Throw in – When the ball leaves the pitch at the side, the team that did not touch the ball last can restart the game by throwing the ball in.
To go down to the wire: When a game, or more usually a league, has an exciting or tight finish. The result is not known until the very end.
To do the double over: To beat a team twice in the same season; winning home and away
Division: In regular season play, teams play against other teams in divisions or leagues: different tiers that are based on merit.
Dissent: When a player verbally abuses the referee, to say something bad to the referee
Disallowed Goal: A goal that has not been allowed due to a foul, an offside decision or another illegal action (To have a goal chalked off)
To dethrone: To remove, to beat the holders or a competitor to a title or cup win
A transfer is when a footballer moves from one club to another and this can come about in two ways: either the club decides to sell the player or the player chooses to leave the club. On this week’s main listening report we look at language related to football transfers.
This week, languagecaster.com introduces the football phrase ‘transfer window’. You can understand more about this phrase by reading the accompanying transcript.
Top-of-the-table clash: A match between two sides from the top of the league; a game between two of the best teams in the division.
Line up: This expression is used to describe a team’s starting members and their position (to line up). The starting XI.
Leg – Tie, match, game. ‘Leg’ is used usually in competitions when teams play each other twice, over two legs.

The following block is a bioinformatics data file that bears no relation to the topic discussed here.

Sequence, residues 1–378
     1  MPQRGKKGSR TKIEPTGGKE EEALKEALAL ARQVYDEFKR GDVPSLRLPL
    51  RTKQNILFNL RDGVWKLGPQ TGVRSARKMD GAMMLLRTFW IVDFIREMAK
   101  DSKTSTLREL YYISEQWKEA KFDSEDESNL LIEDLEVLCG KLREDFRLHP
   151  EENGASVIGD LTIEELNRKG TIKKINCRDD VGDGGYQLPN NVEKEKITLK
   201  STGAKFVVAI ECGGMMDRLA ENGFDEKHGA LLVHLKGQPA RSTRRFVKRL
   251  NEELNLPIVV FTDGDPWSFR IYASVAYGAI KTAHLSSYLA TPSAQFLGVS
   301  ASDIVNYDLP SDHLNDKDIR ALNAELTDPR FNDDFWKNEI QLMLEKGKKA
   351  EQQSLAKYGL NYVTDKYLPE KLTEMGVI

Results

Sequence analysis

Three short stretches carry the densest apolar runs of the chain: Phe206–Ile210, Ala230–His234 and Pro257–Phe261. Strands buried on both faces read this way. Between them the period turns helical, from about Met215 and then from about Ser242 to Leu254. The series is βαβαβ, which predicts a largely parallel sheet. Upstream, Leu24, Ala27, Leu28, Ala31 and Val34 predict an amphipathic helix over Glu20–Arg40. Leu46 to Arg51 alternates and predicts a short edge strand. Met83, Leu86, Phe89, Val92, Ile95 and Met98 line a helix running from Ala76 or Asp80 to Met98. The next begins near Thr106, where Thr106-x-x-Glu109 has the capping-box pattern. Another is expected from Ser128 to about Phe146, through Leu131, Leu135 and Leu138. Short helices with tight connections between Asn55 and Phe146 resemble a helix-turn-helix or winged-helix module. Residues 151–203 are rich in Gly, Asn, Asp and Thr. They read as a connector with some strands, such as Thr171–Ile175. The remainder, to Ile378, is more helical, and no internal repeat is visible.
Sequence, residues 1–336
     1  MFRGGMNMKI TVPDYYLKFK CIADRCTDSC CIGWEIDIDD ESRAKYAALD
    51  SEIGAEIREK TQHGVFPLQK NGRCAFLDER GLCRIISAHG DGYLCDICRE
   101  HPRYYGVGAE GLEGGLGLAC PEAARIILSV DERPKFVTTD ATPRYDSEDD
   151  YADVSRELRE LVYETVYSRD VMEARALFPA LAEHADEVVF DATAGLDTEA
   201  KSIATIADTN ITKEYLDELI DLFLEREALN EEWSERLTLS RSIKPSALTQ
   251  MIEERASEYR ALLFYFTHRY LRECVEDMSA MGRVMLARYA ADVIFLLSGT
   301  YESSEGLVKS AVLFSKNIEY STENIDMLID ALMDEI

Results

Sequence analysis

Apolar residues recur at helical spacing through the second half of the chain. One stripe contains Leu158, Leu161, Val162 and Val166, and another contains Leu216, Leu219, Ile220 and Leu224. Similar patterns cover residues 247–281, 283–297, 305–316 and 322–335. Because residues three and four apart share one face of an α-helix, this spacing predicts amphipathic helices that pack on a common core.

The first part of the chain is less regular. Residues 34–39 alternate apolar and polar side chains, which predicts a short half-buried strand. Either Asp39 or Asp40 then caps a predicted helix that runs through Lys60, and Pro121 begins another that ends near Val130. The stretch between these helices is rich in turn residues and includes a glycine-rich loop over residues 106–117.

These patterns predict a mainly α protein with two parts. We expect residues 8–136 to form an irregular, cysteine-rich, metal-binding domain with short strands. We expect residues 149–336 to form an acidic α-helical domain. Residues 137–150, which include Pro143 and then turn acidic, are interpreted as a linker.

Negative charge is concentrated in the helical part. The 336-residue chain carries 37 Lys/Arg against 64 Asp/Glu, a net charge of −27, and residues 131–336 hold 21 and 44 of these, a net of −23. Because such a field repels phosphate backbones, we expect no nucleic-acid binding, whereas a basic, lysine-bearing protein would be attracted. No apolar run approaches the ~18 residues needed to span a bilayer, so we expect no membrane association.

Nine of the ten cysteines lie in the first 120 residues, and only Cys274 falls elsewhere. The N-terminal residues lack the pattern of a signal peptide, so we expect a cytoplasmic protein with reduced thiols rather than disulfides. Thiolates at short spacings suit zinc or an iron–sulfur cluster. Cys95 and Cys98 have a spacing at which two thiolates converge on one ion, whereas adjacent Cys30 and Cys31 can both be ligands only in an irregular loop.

La Liga: The Spanish top division, the Spanish League
On this week’s football podcast for learners of English, we focus on the ‘romance of the cup’ and look at some of the language associated with the English FA Cup. Damon also introduces the phrase ‘to line up a bid for’ before we finish up with our weekly predictions battle which this week includes games from the African Nations Cup, England and of course the FA Cup 4th round.
On this week’s main listening report we look at some of the language of the FA Cup.
(a) Jinx: A curse or something that brings you a run of bad luck.
Jinking run: When a player dribbles with the ball to beat the opposing defenders. To jink means to move from side to side or to often change direction.
Referee: The person who is in charge of the game, he or she controls the match (‘The man in black’ / ‘The man in the middle’)
How good is your knowledge of the 2013 African Cup of Nations? This is languagecaster.com’s weekly football quiz with six questions for you to answer and this week we look at some of the nicknames of those taking part.
The word ‘scapegoat’ is used as a metaphor for someone who is blamed for something bad happening.